UVA Darden Forum in Shanghai Explores Global Opportunities for Family Businesses
By Julie Daum
More than half of the businesses earning $1 billion-plus in annual revenue in the emerging markets of Asia, the Middle East and Latin America are family-owned. As developing economies continue to gain global influence, so too will family businesses.
Against this backdrop, the University of Virginia Darden School of Business hosted the Family Business Going Global: Connecting Practice to Research forum on 7 May 2015 at the Pudong Institute of Finance in Shanghai, China. More than 80 participants, including business owners, wealth managers and scholars, packed the conference room overlooking Shanghaiís sky-high financial district.
“In Forbes’ 2015 list of the top 100 companies, 48 are from Europe and 27 are from the United States,” said Darden Professor Dennis Yang, academic director of Darden’s Asia Initiative, which sponsored the event. “Despite the prevalence of family business among Chinese societies, only two made the list, but none from the mainland China. Only 30 years have passed since China began reforms and privatization, and most family businesses are in the first generation.”
“To grow bigger and stronger, Chinese companies need a working heritage mechanism, and they need to extend their global influence,” said Yang.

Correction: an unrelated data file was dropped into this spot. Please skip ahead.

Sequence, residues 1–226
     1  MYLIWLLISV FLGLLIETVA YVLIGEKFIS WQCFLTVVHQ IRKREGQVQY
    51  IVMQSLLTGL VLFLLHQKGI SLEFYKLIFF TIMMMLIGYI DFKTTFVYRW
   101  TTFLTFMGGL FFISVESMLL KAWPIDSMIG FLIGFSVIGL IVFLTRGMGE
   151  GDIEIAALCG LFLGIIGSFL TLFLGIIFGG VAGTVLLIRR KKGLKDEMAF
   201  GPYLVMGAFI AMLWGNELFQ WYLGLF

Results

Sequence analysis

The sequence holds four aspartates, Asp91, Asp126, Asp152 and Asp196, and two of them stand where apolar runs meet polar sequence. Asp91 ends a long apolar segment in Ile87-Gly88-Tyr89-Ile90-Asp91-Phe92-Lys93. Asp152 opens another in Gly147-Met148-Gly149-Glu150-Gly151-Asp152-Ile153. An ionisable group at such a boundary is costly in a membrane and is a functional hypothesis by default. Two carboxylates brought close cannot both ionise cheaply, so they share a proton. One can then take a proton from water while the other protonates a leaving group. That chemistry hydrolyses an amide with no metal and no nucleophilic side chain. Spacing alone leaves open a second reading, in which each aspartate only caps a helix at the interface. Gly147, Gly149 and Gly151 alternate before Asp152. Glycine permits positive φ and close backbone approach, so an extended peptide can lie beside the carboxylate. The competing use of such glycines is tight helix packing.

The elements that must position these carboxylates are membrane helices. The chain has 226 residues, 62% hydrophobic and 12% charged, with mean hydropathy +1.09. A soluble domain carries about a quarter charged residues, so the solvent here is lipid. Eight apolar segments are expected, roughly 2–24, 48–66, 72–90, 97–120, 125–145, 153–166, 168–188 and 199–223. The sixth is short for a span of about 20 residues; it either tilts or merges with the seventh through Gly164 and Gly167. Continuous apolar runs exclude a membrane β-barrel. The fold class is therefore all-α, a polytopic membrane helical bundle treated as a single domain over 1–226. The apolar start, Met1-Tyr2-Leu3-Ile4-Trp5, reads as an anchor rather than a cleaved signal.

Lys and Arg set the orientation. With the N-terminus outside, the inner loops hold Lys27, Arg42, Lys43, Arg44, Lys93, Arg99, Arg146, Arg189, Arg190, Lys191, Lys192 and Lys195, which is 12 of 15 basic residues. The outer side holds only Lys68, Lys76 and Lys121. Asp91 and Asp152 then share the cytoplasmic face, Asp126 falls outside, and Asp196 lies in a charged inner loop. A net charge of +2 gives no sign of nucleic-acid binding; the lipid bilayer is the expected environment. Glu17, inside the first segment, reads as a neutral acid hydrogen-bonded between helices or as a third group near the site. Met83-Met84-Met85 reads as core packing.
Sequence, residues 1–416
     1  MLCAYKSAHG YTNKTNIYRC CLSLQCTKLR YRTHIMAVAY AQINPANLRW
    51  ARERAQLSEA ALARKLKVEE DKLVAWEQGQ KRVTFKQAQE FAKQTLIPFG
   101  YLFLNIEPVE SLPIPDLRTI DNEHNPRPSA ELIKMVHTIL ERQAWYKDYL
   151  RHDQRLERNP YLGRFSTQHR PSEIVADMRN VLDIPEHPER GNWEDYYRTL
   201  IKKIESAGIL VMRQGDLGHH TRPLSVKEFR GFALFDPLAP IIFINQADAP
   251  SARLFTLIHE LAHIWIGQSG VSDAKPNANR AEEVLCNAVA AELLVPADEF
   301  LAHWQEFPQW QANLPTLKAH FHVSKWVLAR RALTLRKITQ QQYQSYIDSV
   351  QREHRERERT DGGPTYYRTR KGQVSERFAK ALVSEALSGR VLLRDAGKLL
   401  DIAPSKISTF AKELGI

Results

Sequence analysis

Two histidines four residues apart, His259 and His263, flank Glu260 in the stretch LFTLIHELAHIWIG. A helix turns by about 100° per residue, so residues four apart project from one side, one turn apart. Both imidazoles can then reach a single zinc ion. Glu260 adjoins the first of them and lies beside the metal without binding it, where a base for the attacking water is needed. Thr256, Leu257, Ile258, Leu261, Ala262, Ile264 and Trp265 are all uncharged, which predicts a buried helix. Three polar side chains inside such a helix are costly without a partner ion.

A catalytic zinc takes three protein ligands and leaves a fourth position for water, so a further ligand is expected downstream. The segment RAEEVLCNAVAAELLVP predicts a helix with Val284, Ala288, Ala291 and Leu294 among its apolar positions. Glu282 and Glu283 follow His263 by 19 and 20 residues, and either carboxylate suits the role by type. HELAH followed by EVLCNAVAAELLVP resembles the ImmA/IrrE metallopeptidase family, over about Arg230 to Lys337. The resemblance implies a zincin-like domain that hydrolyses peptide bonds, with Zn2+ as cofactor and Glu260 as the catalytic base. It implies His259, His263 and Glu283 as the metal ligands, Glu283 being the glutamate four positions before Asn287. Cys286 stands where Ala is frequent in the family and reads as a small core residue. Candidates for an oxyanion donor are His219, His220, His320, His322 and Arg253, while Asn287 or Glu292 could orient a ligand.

Joseph Fan, co-author of the new book The Family Business Map and a professor at the Chinese University of Hong Kong, cautioned that the handover period of companies from one generation to the next is critical – and fragile.
“Research shows that 56 percent of market value is lost during the handover period,” said Fan. He listed multiple potential roadblocks: relationship and trust issues, capital and growth, and the disruptive capacity of technology, to name a few.
“Family businesses should be built on intangible assets – forces such as religion, values or a sense of responsibility – that keep the family together,” he said.
The forum also examined succession planning, and whether family businesses should be run by professional managers or by the next generation of family members.
Baocheng Yang (MBA ’04), whose parents founded the first private university in China, Huanghe Science and Technology College, now serves as its provost and chief operating officer. A member of Darden’s Global Advisory Council, he offered his personal story and recommended letting the second generation get involved in the family business as soon as possible so that they understand the culture and earn the employees’ trust.
Kathryn Feng, executive director of CEIBS Centre for Family Heritage, introduced three entrepreneurs who are taking their companies global.
Weiwei Feng, general manager of NHEST and executive director of CROCEA, joined her father-in-law’s company – which is a small-sized, labor-intensive manufacturing business – after returning to China from London.
“We need to think about how to sell our products overseas and to bring in international talent,” she said. “We feel proud of made in China, but that was the first phase. I am focused on the second phase, which is quality in China.”